Of course, the standards should – must – be much higher for serving police officers who take an oath to ‘protect and serve’ – criminal behaviour and misconduct of any kind must not be tolerated. And yet it often is, at huge expense to taxpayers who foot the bill for ensuing court cases and compensation claims.
Power to dismiss officers
In New South Wales, the Police Commissioner has power to remove a police officer from the force under section 181D of the Police Act 1990, provides as follows:
(1) The Commissioner may, by order in writing, remove a police officer from the NSW Police Force if the Commissioner does not have confidence in the police officer’s suitability to continue as a police officer, having regard to the police officer’s competence, integrity, performance or conduct.
(2) Action may not be taken under subsection (1) in relation to a Deputy Commissioner or Assistant Commissioner except with the approval of the Minister.
(3) Before making an order under this section, the Commissioner–
(a) must give the police officer a notice setting out the grounds on which the Commissioner does not have confidence in the officer’s suitability to continue as a police officer, and
(b) must give the police officer at least 21 days within which to make written submissions to the Commissioner in relation to the proposed action, and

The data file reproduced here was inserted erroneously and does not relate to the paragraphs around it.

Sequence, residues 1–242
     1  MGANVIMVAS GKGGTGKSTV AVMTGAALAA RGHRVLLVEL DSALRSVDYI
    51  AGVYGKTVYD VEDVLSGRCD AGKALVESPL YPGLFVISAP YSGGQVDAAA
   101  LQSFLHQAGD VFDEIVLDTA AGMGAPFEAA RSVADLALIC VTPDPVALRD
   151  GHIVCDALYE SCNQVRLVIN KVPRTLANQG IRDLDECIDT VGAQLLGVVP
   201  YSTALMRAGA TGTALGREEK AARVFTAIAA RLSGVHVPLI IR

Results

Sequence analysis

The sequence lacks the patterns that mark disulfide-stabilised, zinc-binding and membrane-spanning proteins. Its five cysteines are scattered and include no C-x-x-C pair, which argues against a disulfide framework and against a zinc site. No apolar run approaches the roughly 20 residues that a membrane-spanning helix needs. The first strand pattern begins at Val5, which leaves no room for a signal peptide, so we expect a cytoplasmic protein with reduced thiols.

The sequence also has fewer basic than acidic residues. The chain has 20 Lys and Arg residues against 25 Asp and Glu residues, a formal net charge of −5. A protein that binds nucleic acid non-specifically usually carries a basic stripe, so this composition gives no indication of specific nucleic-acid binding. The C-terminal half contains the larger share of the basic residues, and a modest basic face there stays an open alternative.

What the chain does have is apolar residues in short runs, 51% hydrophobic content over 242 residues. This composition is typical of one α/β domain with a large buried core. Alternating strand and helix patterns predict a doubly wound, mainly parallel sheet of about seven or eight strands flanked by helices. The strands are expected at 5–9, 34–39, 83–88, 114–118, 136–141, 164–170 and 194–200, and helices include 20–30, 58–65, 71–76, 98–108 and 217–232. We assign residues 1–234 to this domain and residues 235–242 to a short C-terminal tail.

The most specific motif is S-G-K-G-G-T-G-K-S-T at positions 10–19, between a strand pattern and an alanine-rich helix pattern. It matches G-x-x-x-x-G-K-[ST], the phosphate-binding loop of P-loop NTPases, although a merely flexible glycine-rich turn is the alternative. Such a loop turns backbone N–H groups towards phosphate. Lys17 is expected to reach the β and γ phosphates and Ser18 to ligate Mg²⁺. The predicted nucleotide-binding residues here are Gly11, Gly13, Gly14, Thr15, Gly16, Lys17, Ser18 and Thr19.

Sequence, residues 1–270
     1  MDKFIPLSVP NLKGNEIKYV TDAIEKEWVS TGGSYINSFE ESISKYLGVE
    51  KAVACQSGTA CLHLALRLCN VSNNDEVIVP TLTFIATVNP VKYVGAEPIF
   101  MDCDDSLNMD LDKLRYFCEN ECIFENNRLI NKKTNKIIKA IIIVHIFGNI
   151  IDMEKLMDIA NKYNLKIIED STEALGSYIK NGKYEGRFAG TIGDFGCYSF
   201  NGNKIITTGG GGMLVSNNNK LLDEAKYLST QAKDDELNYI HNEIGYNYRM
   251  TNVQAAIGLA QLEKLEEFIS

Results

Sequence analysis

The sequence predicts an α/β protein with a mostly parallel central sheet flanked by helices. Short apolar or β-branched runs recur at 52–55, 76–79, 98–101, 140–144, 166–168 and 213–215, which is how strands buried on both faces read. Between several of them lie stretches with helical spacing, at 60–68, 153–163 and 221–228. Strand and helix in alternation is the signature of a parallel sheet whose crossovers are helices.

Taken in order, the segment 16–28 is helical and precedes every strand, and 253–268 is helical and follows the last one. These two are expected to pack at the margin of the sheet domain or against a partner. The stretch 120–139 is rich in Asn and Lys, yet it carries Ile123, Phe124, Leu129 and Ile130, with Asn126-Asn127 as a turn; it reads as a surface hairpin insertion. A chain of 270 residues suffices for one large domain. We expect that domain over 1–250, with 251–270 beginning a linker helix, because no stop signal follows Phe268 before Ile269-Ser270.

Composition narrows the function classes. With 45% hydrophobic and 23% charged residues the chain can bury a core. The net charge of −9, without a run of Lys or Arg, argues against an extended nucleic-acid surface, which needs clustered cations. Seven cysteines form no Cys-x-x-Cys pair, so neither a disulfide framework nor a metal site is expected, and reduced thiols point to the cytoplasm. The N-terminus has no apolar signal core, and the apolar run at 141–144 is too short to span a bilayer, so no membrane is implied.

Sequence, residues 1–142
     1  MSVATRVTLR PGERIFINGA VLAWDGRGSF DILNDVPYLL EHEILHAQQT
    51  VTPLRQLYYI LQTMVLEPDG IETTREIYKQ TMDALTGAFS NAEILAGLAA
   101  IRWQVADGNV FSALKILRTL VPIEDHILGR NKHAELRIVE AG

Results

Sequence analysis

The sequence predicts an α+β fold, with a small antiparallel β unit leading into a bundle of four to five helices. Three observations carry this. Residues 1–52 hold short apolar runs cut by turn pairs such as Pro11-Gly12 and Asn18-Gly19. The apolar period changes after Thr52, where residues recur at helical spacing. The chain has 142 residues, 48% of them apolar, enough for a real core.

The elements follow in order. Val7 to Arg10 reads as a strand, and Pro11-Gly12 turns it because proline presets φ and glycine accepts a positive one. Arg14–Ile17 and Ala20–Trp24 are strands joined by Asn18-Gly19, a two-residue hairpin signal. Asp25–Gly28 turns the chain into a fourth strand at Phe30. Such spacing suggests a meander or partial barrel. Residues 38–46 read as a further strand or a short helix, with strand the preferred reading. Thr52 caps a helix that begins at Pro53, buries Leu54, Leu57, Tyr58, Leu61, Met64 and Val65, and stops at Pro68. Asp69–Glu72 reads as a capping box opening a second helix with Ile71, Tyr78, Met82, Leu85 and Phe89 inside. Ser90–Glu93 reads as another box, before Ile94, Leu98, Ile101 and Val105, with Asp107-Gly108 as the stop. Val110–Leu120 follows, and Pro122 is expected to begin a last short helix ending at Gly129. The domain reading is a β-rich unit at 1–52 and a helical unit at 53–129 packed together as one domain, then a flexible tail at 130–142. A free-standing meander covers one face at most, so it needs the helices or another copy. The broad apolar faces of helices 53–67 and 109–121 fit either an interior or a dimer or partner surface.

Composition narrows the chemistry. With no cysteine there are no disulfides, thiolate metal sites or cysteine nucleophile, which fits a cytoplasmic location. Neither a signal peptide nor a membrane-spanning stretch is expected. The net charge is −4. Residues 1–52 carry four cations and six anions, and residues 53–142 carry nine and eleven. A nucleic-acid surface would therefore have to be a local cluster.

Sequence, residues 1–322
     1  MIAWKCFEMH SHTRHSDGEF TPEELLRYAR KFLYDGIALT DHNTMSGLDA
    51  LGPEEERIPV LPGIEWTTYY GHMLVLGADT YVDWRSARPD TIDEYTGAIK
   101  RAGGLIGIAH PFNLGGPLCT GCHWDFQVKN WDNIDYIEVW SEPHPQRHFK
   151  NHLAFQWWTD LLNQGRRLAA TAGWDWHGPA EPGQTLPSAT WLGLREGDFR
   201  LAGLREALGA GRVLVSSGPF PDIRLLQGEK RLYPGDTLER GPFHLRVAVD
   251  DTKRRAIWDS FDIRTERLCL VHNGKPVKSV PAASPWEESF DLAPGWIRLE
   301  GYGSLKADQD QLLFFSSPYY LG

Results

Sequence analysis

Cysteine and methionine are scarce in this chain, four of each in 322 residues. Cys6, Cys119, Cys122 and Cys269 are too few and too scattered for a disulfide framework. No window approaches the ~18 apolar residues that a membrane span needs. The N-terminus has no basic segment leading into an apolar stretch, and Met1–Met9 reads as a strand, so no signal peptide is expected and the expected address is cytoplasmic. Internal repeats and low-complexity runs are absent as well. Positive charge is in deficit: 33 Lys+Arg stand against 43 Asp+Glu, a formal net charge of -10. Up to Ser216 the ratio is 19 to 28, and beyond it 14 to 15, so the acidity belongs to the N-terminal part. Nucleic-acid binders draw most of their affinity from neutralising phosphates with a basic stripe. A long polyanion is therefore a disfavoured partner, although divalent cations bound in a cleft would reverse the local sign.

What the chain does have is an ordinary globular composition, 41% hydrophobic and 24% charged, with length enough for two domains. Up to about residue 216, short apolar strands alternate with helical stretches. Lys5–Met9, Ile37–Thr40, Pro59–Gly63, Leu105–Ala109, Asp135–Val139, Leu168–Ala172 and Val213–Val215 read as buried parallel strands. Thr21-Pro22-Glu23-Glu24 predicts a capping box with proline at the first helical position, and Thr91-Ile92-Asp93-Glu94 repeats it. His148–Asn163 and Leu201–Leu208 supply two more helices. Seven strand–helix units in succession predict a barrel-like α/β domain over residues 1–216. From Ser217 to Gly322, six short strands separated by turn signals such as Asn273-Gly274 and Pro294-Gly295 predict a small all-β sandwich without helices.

(c) must take into consideration any written submissions received from the police officer during that period.
(4) The order must set out the reasons for which the Commissioner has decided to remove the police officer from the NSW Police Force.
(5) The removal takes effect when the order is made.
(7) Except as provided by Division 1C–
(a) no tribunal has jurisdiction or power to review or consider any decision or order of the Commissioner under this section, and
(b) no appeal lies to any tribunal in connection with any decision or order of the Commissioner under this section.
The section further allows the Commissioner to take action despite any action with respect to the removal or dismissal of the police officer that is in progress under some other provision of this Act and despite the decision of any court with respect to any such action.
Can we expect change?
In response to media reporting of the issue, Ms Webb explained that while she personally has very strong views on domestic violence, she is not in a position to speak about decisions made by her predecessors. She went on to say she was “sure” officers still serving after being found guilty, or convicted of DV-related offences would have faced disciplinary action.
Disciplinary action can take several forms including demotion, a reduction in pay, or transfer of duties to a role where they are not serving members of the community directly.
A significant issue that has been a long-standing problem as far as DV experts are concerned is the fact that the NSW Police does not have a policy for dealing with domestic violence matters when a police officer is the alleged perpetrator.
For now, Ms Webb has said that she will prioritise servicing the broader community before considering whether she needs a specialist unit for dealing with perpetrators in police.
It doesn’t sound like a statement that backs up a “zero tolerance” policy. Only time will tell.